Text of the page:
We are at the bookies in Cambridge. It is quite late so you have to be


buzzed in if you want to place a bet. That these guys are not waiting


and kicked the door open. One wields a machete while the other one shouts


demands for money. The masked raiders follow the shop assistant


into the office. They grab as much money as they can get them it's fun.


-- as they can get their hands on. Take a closer peek at them. They run


away with nearly a grand's worth of stolen wages. Someone must recognise


them. Cast your mind back to December of


last year. These two men are wandering passed the entrance of a


business park in Crow Marsh, Crow Marsh Gifford, Oxfordshire. When


they next appear they have had a costume change and they are wearing


matching tracksuits and caps. It looks like they are trying to work


out how to get into the office block. Moments later, they are in.


They make threats to the petrified staff members. One of them snaps and


expensive laptop in half. The intimidating duo cause ?3500 worth


of damage. If you know who they are, pick up the phone.


Please call or text if you can name anyone we have just shown. Text will


be charged at your standard message rate and you can follow all of the


developments on our programme on our new live updates web page.


As you have seen, shocking crimes caught on camera, something


Crimewatch has been highlighting for many years. The next crimes we are


going to show you were also caught on camera. They are not violet but


they are alarming. DCI rate Hugh Lynn from Avon and Somerset


Constabulary is here. These are about drugs, aren't they? -- DCI Ray


Hulin. These are about people dealing crack cocaine and heroin on


the streets of Somerset. Let's have a look. This was Ryan Love. He


thought it was acceptable to deal drugs on the streets of


Weston-Super-Mare. He is currently serving 2.5 years in prison. This


chap is Paul Clarke. He is serving three years in prison for similar


activities. So you have caught them with some surreptitious filming and


they were bang to rights, but I know you have got more footage which you


think people may be able to help with? We have six people we need


help identifying tonight and two of those are caught on video here. It


is open dealing of crack cocaine on the streets of Weston-Super-Mare and


also Yeovil in Somerset. There is a good image here. I know what has


worried local people with what we have just seen is just how open it


has been, is that right? That is right. Really open dealing. An


increase in violence and we have been responding to those concerns.


Do you believe the gang members themselves are local? We have some


activity from London, a number of people we are looking for at the


moment will be from London, including those six individuals we


are about to see. These are the people we still want the names of.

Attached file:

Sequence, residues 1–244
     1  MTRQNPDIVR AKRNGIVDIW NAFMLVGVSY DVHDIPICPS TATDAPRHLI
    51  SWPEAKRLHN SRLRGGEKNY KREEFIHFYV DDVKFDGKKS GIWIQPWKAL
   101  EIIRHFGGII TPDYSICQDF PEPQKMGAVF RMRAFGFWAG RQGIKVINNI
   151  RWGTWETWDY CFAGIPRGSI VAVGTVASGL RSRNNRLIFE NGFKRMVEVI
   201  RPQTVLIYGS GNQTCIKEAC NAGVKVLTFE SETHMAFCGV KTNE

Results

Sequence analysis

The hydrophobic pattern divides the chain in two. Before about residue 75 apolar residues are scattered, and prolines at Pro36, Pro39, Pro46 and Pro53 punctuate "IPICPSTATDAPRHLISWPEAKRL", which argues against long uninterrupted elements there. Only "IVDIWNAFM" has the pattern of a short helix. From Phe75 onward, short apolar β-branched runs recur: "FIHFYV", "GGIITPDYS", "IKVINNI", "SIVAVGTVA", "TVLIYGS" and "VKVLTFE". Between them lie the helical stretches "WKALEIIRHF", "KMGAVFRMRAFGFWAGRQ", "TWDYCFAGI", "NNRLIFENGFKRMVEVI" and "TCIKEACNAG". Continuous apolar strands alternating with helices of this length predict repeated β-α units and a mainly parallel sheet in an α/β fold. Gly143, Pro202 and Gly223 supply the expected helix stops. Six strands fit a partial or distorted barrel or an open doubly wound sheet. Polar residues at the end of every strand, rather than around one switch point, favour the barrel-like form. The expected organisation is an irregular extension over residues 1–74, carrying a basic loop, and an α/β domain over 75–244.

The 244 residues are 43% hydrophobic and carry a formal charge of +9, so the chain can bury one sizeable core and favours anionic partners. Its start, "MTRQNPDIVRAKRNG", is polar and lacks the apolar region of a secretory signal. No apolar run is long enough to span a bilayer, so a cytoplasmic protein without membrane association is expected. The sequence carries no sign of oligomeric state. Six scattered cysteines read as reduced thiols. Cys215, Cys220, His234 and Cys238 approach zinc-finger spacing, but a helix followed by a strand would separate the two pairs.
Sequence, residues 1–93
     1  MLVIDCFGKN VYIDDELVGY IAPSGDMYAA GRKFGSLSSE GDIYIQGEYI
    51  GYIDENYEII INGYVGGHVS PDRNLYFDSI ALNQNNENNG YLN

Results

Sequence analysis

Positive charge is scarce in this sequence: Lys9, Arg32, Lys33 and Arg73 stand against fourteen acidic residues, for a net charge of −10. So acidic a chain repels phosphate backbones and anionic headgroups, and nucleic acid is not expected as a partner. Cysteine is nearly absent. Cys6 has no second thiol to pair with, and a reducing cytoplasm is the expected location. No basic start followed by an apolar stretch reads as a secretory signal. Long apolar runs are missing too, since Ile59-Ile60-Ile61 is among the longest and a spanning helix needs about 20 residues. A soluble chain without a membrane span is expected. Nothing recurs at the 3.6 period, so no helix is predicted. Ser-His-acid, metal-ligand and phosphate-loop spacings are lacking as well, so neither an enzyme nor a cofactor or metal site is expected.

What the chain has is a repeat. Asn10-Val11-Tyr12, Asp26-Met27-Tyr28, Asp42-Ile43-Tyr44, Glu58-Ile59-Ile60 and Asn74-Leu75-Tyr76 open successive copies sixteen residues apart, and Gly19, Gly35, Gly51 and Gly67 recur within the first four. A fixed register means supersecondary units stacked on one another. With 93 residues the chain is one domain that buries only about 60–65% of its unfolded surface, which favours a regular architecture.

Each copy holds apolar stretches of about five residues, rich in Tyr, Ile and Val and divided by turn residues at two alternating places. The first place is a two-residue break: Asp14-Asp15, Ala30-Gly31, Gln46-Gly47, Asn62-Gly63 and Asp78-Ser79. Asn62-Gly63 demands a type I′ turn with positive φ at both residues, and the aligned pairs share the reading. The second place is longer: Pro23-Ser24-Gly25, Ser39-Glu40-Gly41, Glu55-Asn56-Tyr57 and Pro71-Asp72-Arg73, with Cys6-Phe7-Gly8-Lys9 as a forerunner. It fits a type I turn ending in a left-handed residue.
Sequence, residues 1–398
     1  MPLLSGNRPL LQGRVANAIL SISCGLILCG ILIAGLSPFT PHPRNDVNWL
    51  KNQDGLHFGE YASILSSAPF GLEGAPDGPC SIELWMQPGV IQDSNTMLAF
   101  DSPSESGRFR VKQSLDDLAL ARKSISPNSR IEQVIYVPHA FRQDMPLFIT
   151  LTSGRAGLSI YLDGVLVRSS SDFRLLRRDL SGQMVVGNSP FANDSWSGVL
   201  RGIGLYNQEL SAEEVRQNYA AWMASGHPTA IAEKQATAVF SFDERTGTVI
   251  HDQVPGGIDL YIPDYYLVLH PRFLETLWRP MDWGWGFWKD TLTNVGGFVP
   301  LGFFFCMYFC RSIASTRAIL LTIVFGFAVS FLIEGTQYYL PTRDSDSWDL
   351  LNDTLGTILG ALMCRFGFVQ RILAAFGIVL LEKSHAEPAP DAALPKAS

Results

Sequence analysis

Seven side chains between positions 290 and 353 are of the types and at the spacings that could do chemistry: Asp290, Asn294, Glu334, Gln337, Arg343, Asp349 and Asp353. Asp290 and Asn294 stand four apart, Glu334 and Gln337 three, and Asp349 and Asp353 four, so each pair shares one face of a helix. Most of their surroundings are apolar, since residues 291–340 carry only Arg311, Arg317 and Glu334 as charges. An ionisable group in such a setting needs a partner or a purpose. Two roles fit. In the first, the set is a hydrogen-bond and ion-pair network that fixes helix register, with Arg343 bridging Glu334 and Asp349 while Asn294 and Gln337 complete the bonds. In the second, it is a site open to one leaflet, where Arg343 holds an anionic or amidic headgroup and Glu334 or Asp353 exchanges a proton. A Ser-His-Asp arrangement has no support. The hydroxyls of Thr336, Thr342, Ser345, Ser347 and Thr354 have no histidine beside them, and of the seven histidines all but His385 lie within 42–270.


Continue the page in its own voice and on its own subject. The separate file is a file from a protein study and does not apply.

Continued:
With the exception of the gentleman with the hooded tops in the middle,


I believe the other five are from North London and are a notoriously


violent gang. Thank you. Do take another look at the video and still


images on our website. If you recognise them, get in touch. Also,


if you have been a victim of crime, you may want to speak to Victim


Support. Sometimes, it does not seem as if a


week goes by without news of more stabbings. What is worrying is some


of the victims and offenders are just teenagers. It is three years


this week that 18-year-old Joshua Ribera was stabbed to death.


Tonight, his mother Alison investigates why knife crime is so


prevalent among young people. Baldwin suffered one stab wound. In


ten minutes he died on the streets -- Godwin. I don't understand why


somebody could have taken his life for no reason. These people don't


realise what they have done, what they have done to family, friends.


Your child dies, part of you dies. Your heart and nothing will make it


OK. After falling for years, knife crime


is on the rise. These are four of the victims stabbed to death by


other young people. But why are so many of Britain's youngsters arming


themselves with knives and why do some kill? It is an issue which is


close to my heart. It is hard to put into words what Joshua was like. He


was very sensitive. He got himself into trouble, got himself arrested


and then he found music. Within a few months of starting he was on


radio one Xtra and then decided to release an album. In July 2013,


Joshua's album 2Real went to the top of the iTunes wrap charts. On the


20th of September 2013, Joshua went to a memorial event for a friend who


had been fatally stabbed the previous year. Whilst at TC 's


nightclub in Selly Oak Birmingham, an argument started between


18-year-old Armani Mitchel and Joshua. Just before 11pm, CCTV


captured the moment that Joshua left the club. He was followed by


Mitchell who lunged at him and stabbed him through the heart.


Joshua was taken to hospital where he was operated on but at 5:58am the


next day, he passed away. He was just 18 years old. As his mum, you


lose you. Your child dies, part of you dies. Your heartbreaks and